Query Store Reports Time Intervals

A great question came up over at DBA.StackExchange regarding the query store reports time intervals:
How can SQL Server’s Query Store Reports show data for minute-length intervals, when “Statistics Collection Interval” is set to 1 hour?

I was intrigued because it’s not something I had thought about at all.

How Does the Report Decided on Time?

The first thing you need to know is that all performance information inside Query Store is aggregated. By default, the aggregation interval is 60 minutes. You can adjust that up or down (although, I wouldn’t recommend making it too granular, you’ll see a massive increase in storage size). It’s aggregated because trying to capture every execution of every query, as anyone who has done it using Extended Events knows, is expensive and has a massive storage requirement. The reason the aggregations are split up into intervals is so that you can see before and after measurements, meaning, before today and after today, before I added an index and after, etc..

OK, that established, there are reports (handy things they are too) within Management Studio, that show you stuff like the top resource consuming queries:

Over on the extreme right side of the window are some buttons:

The one we’re interested in is Configure. It includes a bunch of filtering including the time interval being shown:

The thing we want to focus on here is the Time Interval:

So, we can filter down to five minutes. Heck, you can put in a custom filter and go down to one minute. But… Isn’t the data aggregated by 60 minutes? How on earth can we see the last five minutes when the data is aggregated?

The answer is in the query, which Matthias, the person who asked went and captured:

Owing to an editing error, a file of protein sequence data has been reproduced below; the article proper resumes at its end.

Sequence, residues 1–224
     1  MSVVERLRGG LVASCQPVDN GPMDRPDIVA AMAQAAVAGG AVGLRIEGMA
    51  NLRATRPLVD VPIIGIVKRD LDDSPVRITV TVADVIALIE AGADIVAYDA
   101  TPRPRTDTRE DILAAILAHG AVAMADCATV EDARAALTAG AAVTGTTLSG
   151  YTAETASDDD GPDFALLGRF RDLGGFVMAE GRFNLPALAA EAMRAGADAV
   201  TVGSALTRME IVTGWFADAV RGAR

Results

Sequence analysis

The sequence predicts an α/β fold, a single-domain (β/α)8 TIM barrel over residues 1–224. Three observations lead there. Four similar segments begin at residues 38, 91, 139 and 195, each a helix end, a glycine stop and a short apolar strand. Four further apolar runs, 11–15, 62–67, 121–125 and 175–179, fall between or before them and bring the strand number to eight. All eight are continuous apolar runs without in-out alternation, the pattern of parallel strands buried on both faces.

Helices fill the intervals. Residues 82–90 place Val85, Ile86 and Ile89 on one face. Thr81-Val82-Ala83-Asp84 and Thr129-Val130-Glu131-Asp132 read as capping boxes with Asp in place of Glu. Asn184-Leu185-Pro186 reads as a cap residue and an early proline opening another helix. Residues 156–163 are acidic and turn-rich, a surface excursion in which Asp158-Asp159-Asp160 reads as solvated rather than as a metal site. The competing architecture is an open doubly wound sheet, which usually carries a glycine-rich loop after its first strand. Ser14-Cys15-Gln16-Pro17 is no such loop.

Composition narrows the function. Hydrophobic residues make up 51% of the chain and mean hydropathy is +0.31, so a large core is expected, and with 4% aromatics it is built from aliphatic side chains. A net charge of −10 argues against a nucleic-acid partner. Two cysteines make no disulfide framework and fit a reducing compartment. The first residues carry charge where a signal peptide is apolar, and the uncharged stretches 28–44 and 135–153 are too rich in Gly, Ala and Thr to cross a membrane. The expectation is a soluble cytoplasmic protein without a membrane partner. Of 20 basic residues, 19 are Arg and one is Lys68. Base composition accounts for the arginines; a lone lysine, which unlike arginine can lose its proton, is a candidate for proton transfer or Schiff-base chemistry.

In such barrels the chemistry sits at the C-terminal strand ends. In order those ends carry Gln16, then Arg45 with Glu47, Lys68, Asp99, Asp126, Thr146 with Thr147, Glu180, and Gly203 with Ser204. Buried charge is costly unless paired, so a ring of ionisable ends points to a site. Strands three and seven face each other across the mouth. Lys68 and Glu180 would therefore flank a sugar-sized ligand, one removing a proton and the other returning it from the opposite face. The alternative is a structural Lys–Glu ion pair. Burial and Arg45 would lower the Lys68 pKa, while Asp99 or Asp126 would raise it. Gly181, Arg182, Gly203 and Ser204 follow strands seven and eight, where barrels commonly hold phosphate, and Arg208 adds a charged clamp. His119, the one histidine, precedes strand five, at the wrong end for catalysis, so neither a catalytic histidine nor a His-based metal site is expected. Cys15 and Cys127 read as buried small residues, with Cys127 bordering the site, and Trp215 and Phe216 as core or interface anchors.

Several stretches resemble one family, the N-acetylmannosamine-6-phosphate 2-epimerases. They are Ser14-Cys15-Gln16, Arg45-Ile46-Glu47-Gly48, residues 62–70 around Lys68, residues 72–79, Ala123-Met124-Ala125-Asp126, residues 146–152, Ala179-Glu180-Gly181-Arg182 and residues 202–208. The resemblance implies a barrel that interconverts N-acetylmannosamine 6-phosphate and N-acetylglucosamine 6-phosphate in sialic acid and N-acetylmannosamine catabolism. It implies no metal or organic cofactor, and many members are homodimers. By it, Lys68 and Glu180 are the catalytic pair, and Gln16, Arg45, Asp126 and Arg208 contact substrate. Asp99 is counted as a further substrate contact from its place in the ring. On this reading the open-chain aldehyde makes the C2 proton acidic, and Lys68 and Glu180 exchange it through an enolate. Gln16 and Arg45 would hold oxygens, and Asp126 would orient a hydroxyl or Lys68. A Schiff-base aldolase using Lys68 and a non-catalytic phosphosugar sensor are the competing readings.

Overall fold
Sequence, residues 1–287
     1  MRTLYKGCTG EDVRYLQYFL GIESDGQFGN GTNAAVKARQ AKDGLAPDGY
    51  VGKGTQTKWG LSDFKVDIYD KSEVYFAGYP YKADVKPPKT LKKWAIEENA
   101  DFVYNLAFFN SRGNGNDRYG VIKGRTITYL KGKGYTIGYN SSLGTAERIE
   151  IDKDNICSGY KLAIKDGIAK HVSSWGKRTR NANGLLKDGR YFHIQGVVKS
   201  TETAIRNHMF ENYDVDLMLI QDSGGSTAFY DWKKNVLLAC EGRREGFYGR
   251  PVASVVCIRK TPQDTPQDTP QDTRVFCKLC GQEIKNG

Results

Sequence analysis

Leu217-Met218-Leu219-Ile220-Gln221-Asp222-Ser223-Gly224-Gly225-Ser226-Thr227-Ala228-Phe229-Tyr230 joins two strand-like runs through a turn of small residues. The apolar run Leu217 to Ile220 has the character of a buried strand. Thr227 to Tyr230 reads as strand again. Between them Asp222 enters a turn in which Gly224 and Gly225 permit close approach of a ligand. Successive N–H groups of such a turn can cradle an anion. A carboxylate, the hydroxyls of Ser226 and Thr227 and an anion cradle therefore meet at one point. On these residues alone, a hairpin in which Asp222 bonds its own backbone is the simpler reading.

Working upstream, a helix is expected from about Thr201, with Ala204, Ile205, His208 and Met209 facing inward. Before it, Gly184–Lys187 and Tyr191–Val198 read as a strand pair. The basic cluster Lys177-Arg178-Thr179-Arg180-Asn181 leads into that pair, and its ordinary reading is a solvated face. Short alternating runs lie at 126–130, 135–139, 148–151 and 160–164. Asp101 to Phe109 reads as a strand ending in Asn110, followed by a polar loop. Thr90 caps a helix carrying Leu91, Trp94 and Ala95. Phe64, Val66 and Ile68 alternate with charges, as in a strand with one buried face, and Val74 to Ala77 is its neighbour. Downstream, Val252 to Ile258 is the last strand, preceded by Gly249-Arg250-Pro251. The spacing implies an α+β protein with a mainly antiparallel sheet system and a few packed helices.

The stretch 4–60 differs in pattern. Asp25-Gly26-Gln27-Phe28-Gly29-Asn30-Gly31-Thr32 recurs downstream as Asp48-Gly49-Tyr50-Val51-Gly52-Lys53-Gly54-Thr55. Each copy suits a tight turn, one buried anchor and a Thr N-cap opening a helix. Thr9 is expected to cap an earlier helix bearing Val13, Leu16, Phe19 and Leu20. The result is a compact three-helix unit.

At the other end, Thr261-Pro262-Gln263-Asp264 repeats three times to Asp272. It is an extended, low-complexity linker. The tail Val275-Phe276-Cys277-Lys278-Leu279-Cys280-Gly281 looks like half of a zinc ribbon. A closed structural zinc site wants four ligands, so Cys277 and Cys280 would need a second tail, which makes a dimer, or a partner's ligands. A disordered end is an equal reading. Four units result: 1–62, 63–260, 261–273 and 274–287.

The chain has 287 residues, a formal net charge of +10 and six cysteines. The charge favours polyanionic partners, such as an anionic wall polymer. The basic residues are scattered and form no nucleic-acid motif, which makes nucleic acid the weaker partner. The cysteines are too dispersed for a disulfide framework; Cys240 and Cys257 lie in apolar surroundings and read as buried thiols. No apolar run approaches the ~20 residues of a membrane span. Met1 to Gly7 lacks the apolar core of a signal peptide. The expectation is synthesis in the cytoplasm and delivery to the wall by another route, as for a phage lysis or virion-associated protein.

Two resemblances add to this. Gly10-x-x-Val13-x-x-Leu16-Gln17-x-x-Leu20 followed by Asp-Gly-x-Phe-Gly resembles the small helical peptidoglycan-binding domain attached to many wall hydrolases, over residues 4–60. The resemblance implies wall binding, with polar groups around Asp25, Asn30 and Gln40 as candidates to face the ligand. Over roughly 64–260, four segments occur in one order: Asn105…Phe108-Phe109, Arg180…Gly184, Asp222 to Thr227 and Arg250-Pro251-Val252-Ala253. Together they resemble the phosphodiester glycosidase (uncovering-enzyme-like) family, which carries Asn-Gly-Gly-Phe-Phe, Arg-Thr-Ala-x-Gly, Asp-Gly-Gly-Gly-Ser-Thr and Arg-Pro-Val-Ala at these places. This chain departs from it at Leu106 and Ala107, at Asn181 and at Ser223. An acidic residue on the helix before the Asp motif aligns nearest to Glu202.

SELECT TOP (@results_row_count)      
    p.query_id query_id
    , q.object_id object_id
    , ISNULL(OBJECT_NAME(q.object_id),'') object_name
    , qt.query_sql_text query_sql_text
    , ROUND(CONVERT(float, SUM(rs.avg_duration*rs.count_executions))*0.001,2) total_duration
    , SUM(rs.count_executions) count_executions
    , COUNT(distinct p.plan_id) num_plans 
FROM sys.query_store_runtime_stats rs      
JOIN sys.query_store_plan p ON p.plan_id = rs.plan_id      
JOIN sys.query_store_query q ON q.query_id = p.query_id      
JOIN sys.query_store_query_text qt ON q.query_text_id = qt.query_text_id  
WHERE NOT (rs.first_execution_time > @interval_end_time OR rs.last_execution_time < @interval_start_time)  
GROUP BY p.query_id, qt.query_sql_text, q.object_id  
HAVING COUNT(distinct p.plan_id) >= 1  
ORDER BY total_duration DESC 

The key is right here: WHERE NOT (rs.first_execution_time > @interval_end_time OR rs.last_execution_time < @interval_start_time).

What you’re getting is the queries that have their first_execution_time or their last_execution_time wihin the aggregation, that will show up. However, what you’re not going to see is a count of executions for a five minute interval. Instead, you’ll see the count of executions for the entire, 60 minute interval that meets the filtered criteria. So, the data may look… bad. It’s not. Just know what you’re looking at.


This isn’t meant as a critique of the reports. I like them. It’s just a question of you need to know what data is being stored in Query Store so that you understand the information you’re looking at. There isn’t a second, more granular, data set within Query Store, just the aggregation.

Please let me know what you think about this article or any questions:

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